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Toll-like Receptor 4 Antibody (Rodent Specific) #2219
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Gallery: Toll-like Receptor 4 Antibody (Rodent Specific) #2219
Toll-like Receptor 4 Antibody (Rodent Specific) detects transfected levels of total TLR4 protein. Cross reactivity was not detected with other TLR family members.Species predicted to react based on 100% sequence homology: Rat
Polyclonal antibodies are produced by immunizing animals with a synthetic peptide corresponding to residues surrounding Cys549 within the extracellular region of mouse and rat TLR4 protein. Antibodies were purified by peptide affinity chromatography.
Members of the Toll-like receptor (TLR) family, named for the closely related Toll receptor in Drosophila, play a pivotal role in innate immune responses (1-4). TLRs recognize conserved motifs found in various pathogens and mediate defense responses (5-7). Triggering of the TLR pathway leads to the activation of NF-κB and subsequent regulation of immune and inflammatory genes (4). The TLRs and members of the IL-1 receptor family share a conserved stretch of approximately 200 amino acids known as the Toll/Interleukin-1 receptor (TIR) domain (1). Upon activation, TLRs associate with a number of cytoplasmic adaptor proteins containing TIR domains, including myeloid differentiation factor 88 (MyD88), MyD88-adaptor-like/TIR-associated protein (MAL/TIRAP), Toll-receptor-associated activator of interferon (TRIF), and Toll-receptor-associated molecule (TRAM) (8-10). This association leads to the recruitment and activation of IRAK1 and IRAK4, which form a complex with TRAF6 to activate TAK1 and IKK (8,11-14). Activation of IKK leads to the degradation of IκB, which normally maintains NF-κB in an inactive state by sequestering it in the cytoplasm.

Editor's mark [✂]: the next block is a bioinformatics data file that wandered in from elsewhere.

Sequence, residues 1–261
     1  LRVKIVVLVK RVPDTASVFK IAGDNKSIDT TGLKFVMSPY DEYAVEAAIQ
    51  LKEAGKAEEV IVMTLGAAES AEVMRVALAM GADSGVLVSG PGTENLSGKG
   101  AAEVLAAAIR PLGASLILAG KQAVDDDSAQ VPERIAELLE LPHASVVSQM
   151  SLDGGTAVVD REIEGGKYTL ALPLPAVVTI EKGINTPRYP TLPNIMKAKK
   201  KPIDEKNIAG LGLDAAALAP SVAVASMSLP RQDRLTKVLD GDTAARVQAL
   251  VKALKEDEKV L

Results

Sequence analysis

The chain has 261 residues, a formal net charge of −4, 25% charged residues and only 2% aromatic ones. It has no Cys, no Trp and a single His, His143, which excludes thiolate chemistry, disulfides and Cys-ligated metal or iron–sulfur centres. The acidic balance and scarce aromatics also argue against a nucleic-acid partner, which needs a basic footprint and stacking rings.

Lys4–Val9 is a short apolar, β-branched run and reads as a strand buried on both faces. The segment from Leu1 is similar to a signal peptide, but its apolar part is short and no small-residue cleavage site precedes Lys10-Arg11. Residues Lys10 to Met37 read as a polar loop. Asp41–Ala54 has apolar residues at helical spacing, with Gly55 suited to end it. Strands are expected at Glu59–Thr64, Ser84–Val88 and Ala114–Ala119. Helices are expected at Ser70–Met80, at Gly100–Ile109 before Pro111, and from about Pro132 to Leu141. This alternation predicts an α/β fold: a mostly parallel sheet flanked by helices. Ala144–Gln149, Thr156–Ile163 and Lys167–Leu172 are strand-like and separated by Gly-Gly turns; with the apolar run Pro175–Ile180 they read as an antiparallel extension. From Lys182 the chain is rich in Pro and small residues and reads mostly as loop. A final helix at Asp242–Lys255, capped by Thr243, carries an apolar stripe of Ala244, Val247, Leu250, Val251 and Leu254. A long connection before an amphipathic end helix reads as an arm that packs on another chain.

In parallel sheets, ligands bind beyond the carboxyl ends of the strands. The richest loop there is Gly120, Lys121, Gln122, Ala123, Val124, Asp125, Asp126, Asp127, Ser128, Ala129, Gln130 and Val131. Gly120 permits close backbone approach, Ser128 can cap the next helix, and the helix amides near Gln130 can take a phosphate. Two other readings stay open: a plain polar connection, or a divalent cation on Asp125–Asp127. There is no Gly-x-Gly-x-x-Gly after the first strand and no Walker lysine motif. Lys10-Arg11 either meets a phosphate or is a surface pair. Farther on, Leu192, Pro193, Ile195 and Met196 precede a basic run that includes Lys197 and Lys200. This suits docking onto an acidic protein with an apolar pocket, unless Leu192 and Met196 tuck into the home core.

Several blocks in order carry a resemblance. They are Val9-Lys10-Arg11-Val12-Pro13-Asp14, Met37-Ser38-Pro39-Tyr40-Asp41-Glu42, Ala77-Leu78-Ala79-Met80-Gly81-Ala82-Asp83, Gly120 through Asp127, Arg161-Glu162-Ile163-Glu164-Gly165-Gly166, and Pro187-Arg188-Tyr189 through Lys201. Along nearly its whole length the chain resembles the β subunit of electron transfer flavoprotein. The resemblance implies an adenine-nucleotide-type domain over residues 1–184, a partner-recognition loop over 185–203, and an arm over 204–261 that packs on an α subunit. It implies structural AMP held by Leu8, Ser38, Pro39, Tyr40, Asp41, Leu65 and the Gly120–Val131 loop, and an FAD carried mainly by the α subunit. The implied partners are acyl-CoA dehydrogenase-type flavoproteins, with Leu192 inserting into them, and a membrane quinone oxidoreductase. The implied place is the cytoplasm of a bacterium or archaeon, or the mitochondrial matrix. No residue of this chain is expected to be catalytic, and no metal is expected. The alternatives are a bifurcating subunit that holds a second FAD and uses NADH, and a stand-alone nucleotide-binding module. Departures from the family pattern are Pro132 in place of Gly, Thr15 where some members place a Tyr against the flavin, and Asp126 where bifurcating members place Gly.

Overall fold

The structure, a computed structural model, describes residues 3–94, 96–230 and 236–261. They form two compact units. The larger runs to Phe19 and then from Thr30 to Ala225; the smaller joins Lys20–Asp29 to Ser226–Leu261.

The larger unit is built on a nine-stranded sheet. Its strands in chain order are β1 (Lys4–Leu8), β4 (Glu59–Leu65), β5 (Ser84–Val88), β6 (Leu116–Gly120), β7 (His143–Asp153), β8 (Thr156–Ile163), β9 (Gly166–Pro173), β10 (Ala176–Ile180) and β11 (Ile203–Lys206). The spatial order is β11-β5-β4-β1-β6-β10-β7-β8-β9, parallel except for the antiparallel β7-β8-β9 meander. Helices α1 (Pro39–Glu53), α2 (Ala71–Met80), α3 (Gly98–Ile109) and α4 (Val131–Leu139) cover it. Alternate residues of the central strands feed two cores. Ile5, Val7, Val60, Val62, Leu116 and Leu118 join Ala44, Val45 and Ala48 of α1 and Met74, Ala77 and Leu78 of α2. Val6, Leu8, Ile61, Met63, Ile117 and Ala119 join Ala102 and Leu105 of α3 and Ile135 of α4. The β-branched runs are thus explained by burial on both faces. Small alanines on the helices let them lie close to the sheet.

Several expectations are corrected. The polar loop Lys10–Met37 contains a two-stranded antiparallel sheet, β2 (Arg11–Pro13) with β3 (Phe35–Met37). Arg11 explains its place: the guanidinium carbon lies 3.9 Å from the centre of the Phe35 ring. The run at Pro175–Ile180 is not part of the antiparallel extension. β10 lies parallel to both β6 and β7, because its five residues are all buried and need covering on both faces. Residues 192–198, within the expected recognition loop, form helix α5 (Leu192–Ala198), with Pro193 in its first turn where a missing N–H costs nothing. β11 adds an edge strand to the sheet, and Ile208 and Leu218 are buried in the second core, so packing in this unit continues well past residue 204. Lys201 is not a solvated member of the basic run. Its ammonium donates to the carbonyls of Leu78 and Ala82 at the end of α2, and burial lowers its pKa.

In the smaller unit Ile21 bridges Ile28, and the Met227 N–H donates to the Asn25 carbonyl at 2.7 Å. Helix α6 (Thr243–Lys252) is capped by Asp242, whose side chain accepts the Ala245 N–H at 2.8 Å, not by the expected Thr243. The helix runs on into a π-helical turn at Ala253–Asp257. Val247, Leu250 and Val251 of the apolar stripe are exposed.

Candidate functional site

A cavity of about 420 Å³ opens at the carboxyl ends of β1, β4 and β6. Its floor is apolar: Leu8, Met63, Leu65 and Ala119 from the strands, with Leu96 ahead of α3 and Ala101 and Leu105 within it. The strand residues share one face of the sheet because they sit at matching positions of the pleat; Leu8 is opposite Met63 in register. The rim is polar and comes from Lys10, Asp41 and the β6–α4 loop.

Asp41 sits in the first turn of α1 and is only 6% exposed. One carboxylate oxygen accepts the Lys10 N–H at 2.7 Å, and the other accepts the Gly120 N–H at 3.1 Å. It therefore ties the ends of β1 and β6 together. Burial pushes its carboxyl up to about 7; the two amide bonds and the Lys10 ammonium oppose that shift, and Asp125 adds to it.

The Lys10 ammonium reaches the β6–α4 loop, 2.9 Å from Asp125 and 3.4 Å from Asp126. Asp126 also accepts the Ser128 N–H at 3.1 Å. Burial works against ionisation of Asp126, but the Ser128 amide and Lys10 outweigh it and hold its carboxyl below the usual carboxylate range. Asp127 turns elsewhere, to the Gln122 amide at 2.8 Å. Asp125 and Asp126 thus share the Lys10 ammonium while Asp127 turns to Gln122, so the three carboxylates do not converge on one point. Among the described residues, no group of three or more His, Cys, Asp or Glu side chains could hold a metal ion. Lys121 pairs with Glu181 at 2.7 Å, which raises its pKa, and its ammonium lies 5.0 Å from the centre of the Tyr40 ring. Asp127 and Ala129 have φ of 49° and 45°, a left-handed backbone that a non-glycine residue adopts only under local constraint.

TLR4 functions in association with MD-2 in the recognition and initiation of immune responses elicited by lipopolysaccharide (LPS) of Gram-negative bacteria (4-8). TLR4 triggers the activation of NF-κB, IRF-3, and MAPK pathways leading to the production of inflammatory cytokines (9).
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